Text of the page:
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Collaborateurs, emplois familiaux et niveau d'activité des parlementaires français

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  • Benjamin Monnery

    (GATE Lyon Saint-Étienne - Groupe d'analyse et de théorie économique - CNRS - Centre National de la Recherche Scientifique - Université de Lyon - UJM - Université Jean Monnet [Saint-Étienne] - UCBL - Université Claude Bernard Lyon 1 - Université de Lyon - UL2 - Université Lumière - Lyon 2 - ENS Lyon - École normale supérieure - Lyon)

Abstract

This article takes advantage of the recent release, following the "Fillon scandal", of a list of all assistants employed by the 920 current parliamentarians in France, to quantify family employment by deputies and senators. By linking this information with demographic and political characteristics, we give a portray of parliamentarians who employ family members. Finally, after merging these statistics to publicly-available data on officials' observable activity in the Parliament during the last 12 months, we show that parliamentarians who employ family members as assistants are significantly less present, less active and less productive in the Assembly and in the Senate compared to others, all else equal. This result either suggests that employing a family member (instead of other assistants) reduces activity in the Parliament (causal effect), or that those who use family jobs are also relatively low-activity parliamentarians (selection effect). Instrumental variable regressions tend to favor the second hypothesis.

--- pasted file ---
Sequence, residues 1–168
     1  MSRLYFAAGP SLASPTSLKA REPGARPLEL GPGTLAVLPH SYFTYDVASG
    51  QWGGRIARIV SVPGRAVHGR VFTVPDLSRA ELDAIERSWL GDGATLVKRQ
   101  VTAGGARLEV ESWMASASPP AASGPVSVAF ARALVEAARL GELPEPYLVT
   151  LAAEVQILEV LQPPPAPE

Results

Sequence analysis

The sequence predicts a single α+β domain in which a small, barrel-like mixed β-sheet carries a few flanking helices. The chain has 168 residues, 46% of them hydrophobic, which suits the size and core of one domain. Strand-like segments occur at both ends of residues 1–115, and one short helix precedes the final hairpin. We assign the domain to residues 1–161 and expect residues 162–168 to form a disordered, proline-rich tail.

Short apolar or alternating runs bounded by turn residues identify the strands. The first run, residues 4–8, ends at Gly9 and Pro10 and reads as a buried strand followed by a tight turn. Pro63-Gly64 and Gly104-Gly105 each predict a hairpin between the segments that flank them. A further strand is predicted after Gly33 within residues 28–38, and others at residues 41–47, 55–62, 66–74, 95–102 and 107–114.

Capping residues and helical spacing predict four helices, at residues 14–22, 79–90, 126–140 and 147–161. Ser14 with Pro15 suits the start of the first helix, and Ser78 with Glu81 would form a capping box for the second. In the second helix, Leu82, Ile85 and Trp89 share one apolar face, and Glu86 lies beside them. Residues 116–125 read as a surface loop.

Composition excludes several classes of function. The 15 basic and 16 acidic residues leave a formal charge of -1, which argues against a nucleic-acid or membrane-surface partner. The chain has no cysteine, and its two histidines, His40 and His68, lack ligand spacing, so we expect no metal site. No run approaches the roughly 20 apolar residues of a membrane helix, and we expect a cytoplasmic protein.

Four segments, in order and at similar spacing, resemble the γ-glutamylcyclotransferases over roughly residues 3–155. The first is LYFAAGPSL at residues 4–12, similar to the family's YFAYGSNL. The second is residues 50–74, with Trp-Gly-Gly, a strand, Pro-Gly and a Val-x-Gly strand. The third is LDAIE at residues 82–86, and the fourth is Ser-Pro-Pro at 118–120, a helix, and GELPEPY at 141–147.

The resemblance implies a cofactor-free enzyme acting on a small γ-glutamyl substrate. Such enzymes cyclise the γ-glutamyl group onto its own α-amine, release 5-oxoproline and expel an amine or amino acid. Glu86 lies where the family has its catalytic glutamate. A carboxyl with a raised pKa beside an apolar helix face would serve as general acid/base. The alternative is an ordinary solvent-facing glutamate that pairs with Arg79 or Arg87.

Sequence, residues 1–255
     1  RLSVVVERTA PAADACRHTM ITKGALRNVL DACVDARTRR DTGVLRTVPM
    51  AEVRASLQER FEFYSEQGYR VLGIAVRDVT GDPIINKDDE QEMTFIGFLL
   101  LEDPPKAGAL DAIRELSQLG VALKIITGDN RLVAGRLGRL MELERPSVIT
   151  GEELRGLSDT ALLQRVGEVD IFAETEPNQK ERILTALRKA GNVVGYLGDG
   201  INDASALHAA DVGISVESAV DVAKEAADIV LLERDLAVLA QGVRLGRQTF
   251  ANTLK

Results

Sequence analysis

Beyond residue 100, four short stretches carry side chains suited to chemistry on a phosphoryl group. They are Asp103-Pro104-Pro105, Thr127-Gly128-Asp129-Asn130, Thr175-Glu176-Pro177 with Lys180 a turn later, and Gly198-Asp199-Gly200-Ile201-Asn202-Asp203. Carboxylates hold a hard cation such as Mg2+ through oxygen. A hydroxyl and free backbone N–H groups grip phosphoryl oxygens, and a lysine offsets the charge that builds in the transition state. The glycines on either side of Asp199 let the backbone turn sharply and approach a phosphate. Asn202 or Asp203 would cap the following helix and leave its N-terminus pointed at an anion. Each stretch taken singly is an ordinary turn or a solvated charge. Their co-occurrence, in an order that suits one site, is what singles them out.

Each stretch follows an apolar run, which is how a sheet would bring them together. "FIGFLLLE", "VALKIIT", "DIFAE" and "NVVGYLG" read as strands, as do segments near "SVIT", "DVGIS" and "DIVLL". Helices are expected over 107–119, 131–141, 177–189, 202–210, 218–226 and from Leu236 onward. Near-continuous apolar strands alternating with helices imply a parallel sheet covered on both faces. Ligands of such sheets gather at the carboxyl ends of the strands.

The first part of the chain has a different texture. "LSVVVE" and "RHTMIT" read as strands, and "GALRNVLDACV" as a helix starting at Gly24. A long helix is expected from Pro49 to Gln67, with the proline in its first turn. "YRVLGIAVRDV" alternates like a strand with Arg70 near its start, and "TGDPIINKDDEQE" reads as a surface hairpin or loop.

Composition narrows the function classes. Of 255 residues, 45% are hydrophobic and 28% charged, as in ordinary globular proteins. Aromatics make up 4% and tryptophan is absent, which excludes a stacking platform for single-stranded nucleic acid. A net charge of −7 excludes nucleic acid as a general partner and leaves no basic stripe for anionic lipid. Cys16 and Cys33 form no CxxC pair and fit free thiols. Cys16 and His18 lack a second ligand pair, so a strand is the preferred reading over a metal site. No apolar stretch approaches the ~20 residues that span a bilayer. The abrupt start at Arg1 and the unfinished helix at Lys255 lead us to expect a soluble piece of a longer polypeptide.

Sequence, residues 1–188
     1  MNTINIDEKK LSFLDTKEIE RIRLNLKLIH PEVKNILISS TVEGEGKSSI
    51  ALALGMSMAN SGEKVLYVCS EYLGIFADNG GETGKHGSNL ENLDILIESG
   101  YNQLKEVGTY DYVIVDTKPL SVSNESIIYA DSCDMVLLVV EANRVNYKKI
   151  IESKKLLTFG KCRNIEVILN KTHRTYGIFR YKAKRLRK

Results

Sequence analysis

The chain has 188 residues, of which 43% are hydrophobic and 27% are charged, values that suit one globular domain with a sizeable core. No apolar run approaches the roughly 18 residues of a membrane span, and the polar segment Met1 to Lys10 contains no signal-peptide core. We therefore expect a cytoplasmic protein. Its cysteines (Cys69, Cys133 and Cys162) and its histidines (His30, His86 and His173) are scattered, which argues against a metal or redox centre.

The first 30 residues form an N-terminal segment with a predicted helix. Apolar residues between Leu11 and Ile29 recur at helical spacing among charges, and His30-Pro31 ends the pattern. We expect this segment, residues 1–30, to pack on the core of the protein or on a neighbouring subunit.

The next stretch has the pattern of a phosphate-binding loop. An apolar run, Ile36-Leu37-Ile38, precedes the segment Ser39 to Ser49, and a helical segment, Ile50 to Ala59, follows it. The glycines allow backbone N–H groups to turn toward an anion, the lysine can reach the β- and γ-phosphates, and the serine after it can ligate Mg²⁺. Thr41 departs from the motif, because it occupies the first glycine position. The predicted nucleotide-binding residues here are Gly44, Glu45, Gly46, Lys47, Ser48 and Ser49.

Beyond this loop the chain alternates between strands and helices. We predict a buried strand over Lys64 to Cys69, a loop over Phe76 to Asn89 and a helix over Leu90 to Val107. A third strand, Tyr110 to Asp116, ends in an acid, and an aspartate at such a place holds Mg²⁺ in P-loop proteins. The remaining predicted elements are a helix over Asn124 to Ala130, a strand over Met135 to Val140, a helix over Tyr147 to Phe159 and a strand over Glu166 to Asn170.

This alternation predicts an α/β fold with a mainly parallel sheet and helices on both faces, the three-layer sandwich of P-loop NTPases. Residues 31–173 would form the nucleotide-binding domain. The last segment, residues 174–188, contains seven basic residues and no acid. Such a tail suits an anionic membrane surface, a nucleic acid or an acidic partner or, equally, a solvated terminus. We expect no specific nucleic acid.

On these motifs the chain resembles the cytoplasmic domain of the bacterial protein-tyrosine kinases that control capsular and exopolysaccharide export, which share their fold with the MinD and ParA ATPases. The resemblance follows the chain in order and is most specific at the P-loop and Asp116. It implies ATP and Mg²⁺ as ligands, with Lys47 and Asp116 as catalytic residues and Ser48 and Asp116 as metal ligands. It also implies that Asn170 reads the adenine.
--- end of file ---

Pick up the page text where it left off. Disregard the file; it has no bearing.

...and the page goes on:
Suggested Citation

  • Benjamin Monnery, 2017. "Collaborateurs, emplois familiaux et niveau d'activité des parlementaires français," Working Papers halshs-01538005, HAL.
  • Handle: RePEc:hal:wpaper:halshs-01538005
    Note: View the original document on HAL open archive server: https://halshs.archives-ouvertes.fr/halshs-01538005
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    More about this item

    Keywords

    political economy; rent-extraction; nepotism; Parliament; Economie politique; extraction de rente; népotisme; Parlement;
    All these keywords.

    JEL classification:

    • D72 - Microeconomics - - Analysis of Collective Decision-Making - - - Political Processes: Rent-seeking, Lobbying, Elections, Legislatures, and Voting Behavior

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